USDA Supports of Small Farmers Created by rrummel on 3/11/2014 5:33:44 PM
U.S. Agriculture Secretary Tom Vilsack has announced new and
expanded efforts to connect small and mid-sized farmers and ranchers with USDA resources
that can help them build stronger businesses, expand to reach new and larger
markets and grow their operations. Vilsack says the recent Census of
Agriculture shows there is tremendous growth potential for small and mid-sized
producers in the American agricultural landscape. He says USDA is taking a hard
look at existing resources to ensure they work for producers of all sizes.
Vilsack says policies have been adjusted, programs strengthened and outreach
intensified to meet the needs of small and mid-sized producers. He says these
producers are critical to the country’s agricultural and economic future.
Efforts include improved access to USDA resources, revised risk management
tools that better fit the needs of smaller producers, additional support for
hoop houses and expanded collection of valuable market news information. USDA
is also introducing a series of education tools focusing on opportunities for
farmers engaged in local and regional food systems. USDA will roll out
additional information about tools and resources available to small and
mid-sized farmers in the coming months.
Here are the new efforts announced by Secretary Vilsack Monday as
provided by USDA:
ACCESS TO CAPITAL
* Changes to the Farm Storage and Facility Loan (FSFL) Program to
help small and midsized fruit and vegetable producers access the program for
cold storage and related equipment like wash and pack stations. Diversified
and smaller fruit and vegetable producers, including Community Supported
Agriculture programs, are now eligible for a waiver from the requirement that
they carry crop insurance or NAP coverage when they apply for a FSFL loan. FSFL
can also be used to finance hay barns and grain bins.
* Funding for producers under the popular microloan program. USDA
launched the microloan program to allow beginning, small and mid-sized farmers
to access up to $35,000 in loans using a simplified application process. Since
their debut in 2013, USDA has issued more than 4,900 microloans totaling $97
* Funding for hoop houses to extend the growing season. Hoop
houses provide revenue opportunities while also promoting conservation for
small and mid-sized farmers. The hoop house cost share program began as a pilot
in 2010. Since then, more than 10,000 hoop houses have been contracted. USDA
will soon announce an additional $15 million for hoop house development in
persistent poverty counties in nineteen states as part of USDA's StrikeForce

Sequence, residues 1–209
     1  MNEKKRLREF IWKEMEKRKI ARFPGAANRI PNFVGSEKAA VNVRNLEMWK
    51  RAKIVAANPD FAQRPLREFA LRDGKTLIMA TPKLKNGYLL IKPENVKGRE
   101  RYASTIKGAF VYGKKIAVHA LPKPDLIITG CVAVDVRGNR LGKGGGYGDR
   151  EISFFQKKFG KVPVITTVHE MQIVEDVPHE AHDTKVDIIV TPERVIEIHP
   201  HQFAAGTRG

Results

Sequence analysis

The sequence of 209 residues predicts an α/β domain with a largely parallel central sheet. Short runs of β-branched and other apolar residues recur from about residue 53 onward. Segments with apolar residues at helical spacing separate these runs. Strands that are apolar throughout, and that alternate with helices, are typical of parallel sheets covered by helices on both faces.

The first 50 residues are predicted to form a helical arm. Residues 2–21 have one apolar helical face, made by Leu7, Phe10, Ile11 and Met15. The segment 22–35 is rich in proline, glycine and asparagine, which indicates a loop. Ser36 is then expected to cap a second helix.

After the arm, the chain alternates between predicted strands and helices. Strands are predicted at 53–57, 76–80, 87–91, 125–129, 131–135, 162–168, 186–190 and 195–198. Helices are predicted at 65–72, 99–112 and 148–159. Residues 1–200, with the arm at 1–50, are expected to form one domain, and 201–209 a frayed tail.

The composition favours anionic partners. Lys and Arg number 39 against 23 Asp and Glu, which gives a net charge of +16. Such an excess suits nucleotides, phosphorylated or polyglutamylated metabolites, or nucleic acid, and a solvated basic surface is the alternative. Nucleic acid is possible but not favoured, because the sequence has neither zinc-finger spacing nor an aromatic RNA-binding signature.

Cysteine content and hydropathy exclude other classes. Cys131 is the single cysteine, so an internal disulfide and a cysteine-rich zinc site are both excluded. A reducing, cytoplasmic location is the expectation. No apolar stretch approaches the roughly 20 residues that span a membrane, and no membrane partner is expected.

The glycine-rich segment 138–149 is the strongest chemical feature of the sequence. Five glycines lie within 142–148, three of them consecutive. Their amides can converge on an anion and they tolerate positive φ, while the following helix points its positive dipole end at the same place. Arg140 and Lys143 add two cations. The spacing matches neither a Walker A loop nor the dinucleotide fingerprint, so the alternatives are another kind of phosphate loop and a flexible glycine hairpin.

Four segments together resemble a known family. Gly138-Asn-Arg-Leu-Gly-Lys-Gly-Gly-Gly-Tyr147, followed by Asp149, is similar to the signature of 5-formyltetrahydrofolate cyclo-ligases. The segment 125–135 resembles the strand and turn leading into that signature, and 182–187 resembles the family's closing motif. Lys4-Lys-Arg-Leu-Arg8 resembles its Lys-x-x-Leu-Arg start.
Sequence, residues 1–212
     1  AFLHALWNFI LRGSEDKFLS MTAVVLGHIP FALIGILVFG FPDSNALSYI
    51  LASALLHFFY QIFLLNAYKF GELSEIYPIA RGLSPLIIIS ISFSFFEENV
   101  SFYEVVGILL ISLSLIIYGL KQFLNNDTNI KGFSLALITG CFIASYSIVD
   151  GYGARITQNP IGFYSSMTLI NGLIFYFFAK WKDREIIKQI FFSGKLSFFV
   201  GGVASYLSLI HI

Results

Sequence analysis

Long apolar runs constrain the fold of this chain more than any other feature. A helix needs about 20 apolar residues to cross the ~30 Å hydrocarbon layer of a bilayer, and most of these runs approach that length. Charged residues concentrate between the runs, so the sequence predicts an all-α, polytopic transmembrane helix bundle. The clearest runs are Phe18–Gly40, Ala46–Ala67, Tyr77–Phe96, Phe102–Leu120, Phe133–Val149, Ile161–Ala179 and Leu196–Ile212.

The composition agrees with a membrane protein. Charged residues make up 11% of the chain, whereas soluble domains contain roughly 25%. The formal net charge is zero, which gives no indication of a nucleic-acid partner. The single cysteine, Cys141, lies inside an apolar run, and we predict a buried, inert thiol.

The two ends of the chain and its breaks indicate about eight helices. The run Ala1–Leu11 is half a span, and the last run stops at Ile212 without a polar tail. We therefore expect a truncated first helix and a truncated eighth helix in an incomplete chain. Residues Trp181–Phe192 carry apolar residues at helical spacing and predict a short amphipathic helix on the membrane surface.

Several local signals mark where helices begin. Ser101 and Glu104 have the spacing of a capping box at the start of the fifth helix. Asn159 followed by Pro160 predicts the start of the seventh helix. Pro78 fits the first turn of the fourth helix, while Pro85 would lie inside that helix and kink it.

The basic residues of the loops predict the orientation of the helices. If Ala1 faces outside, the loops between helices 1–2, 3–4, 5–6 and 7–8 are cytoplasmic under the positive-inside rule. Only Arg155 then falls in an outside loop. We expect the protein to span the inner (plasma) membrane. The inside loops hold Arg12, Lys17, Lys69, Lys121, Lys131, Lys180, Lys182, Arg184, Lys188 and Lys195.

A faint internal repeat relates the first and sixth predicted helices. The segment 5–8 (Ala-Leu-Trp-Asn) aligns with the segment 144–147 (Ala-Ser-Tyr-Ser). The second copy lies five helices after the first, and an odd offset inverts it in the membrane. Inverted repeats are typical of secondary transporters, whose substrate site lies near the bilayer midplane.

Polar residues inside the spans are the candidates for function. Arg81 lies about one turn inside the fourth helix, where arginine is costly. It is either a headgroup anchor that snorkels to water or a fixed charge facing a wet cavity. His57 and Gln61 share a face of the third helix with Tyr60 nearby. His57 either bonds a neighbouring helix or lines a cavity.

for Rural Growth and Opportunity Initiative.
* Developing tools to help small and midsized farmers and ranchers
make sound financial decisions as they plan for their future. USDA is
developing a whole farm insurance policy that will better meet the needs of
highly-diversified producers, particularly small and midsized fruit and
vegetable growers. Using new tools provided by the Farm Bill, USDA is working
to reduce crop insurance costs for beginning farmers and ranchers. And organic
producers will benefit from the elimination of a previously-required five
percent surcharge on crop insurance premiums.
LOCATING MARKET OPPORTUNITIES
* USDA's Farm to School Program has put seven new Farm to School
Coordinators on the ground in regional offices to help build direct
relationships between small and mid-sized producers and school districts. One
priority area for Farm to School is creating more opportunities for small and
mid-sized livestock and poultry producers. Since 2013, USDA has invested nearly
$10 million in Farm to School grants that support schools as they purchase from
local and regional sources. In the 2011-2012 school year alone, schools spent
nearly $355 million on local and regional food purchases.
* Expanded price, volume, supply and demand information through
Market News. Market News is now collecting price data on grass-fed beef to arm
producers will real pricing information from the sector. Market News will also
soon begin collecting data about local food prices and volume, valuable to
small and mid-sized producers engaged in that marketplace. Market News provides
real time price, volume, supply, and demand information for producers to use in